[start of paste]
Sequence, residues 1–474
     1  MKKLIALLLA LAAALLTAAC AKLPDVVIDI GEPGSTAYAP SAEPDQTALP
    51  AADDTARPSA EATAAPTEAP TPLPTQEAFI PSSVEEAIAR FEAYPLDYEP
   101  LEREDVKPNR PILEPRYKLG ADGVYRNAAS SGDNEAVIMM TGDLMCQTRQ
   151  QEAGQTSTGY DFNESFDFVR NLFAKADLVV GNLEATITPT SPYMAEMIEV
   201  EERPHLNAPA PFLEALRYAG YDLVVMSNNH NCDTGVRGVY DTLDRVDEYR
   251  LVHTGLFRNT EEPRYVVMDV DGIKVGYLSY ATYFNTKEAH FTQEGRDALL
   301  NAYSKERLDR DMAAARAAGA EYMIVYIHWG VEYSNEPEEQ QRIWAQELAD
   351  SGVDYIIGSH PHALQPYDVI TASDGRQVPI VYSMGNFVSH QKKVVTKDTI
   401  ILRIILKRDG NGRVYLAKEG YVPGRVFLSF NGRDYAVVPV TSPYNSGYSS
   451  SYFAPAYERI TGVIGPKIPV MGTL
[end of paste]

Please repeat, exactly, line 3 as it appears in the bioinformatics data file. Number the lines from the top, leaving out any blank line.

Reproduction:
    51  AADDTARPSA EATAAPTEAP TPLPTQEAFI PSSVEEAIAR FEAYPLDYEP